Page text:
Should Composers Conduct Their Own Works?
January 18, 2010
Just as it's often the case that playwrights and screenwriters aren't always the best people to direct their own plays and movies, so composers don't necessarily do an optimal job leading performances of their works from the podium.
This hypothesis was borne out over the weekend when I saw the British composer George Benjamin conducting the San Francisco Symphony in two of his pieces -- "Duet", a work for piano and orchestra written in 2008, and "Ringed by the Flat Horizon", which the composer wrote at the very start of his career in 1980.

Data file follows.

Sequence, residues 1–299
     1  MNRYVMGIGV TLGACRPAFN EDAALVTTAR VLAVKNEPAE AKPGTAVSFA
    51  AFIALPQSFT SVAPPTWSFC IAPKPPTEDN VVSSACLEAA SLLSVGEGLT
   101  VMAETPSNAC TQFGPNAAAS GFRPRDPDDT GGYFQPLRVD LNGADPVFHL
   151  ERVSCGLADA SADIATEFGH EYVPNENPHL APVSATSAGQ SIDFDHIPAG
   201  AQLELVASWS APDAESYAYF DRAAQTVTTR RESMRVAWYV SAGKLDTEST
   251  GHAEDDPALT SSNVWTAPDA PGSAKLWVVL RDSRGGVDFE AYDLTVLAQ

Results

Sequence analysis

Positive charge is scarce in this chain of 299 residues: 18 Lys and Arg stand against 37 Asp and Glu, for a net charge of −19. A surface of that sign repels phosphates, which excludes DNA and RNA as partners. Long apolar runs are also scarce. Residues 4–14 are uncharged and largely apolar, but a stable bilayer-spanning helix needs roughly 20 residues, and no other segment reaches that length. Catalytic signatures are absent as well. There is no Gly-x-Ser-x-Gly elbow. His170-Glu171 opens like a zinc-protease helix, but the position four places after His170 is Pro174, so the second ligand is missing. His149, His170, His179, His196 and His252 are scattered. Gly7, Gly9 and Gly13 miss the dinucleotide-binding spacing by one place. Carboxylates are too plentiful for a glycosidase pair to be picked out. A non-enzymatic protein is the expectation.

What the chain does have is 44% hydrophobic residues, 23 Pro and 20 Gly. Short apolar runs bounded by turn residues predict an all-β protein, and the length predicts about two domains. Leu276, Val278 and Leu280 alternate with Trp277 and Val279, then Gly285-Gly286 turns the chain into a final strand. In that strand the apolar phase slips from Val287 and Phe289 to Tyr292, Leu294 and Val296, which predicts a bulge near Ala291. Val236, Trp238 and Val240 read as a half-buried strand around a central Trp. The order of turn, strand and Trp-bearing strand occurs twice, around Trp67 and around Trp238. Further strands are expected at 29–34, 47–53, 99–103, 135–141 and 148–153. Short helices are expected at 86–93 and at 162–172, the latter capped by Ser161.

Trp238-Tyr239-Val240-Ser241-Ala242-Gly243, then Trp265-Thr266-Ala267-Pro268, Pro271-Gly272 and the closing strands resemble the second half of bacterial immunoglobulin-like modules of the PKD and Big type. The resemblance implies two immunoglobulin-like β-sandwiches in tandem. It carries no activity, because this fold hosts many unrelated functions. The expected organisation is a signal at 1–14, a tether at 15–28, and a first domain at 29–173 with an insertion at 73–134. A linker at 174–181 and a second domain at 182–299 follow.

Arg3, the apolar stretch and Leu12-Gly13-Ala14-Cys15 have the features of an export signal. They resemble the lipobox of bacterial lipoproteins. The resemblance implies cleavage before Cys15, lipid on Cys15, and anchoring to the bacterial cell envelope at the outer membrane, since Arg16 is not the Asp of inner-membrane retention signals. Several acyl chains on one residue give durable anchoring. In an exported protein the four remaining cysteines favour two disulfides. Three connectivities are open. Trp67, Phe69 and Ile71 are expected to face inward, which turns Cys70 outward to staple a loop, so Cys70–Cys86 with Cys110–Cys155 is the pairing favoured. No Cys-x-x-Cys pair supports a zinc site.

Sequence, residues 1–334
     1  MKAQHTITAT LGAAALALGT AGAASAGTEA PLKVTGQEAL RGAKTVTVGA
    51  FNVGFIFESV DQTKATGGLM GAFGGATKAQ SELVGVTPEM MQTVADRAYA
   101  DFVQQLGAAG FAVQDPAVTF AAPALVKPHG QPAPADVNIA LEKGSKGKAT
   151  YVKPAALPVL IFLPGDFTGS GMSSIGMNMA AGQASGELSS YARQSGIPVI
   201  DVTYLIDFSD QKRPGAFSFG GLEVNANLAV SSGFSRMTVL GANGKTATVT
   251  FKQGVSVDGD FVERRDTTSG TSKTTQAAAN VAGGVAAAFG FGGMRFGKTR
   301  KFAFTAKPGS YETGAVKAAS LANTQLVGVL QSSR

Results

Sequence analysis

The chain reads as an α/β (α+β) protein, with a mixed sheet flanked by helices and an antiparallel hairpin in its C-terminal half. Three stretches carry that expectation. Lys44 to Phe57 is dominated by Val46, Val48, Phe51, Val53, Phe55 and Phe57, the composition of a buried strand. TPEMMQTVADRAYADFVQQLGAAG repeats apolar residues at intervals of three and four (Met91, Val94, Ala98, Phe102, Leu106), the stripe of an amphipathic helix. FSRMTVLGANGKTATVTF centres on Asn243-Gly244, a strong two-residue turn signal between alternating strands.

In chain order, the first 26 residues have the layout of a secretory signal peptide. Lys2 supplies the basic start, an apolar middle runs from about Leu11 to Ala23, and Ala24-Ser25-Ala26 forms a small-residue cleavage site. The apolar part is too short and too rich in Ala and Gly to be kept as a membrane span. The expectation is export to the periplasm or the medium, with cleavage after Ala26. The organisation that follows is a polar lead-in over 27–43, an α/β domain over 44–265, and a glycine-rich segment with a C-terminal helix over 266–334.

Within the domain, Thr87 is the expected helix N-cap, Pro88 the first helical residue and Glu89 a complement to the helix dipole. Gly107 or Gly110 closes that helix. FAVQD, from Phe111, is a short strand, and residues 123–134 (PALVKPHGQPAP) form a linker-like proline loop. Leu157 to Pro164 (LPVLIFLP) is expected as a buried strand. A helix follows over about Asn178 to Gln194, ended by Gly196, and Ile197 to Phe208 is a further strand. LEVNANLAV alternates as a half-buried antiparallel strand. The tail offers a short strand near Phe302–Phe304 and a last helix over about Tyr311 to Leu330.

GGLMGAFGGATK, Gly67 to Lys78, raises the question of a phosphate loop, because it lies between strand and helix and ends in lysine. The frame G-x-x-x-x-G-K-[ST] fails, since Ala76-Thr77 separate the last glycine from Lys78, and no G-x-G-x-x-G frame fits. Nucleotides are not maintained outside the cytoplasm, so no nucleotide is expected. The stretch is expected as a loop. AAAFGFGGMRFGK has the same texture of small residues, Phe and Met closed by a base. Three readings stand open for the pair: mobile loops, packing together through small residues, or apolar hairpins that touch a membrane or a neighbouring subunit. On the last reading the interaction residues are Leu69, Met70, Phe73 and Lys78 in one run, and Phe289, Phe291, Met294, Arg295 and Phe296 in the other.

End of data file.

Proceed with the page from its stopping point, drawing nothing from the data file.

Unlike the previous concert of Benjamin's work which I saw last week under the baton of David Robertson, this composer-helmed concert lacked, for want of a better word, oomph. Benjamin conducted both of his pieces as if sewing a pair of delicate lace curtains. The soundscape shimmered and was extremely intricate. But it all sounded very much the same. Robertson, on the other hand, brought out the extreme contrasts in the composer's works. We heard filigree and fire in Benjamin's music as interpreted by Robertson. But the contrasts were subdued in the composer's hands. Perhaps it's a case of the creator "not being able to see the wood for the trees"?
PS: Read Stephen Smoliar's response to my blog post here.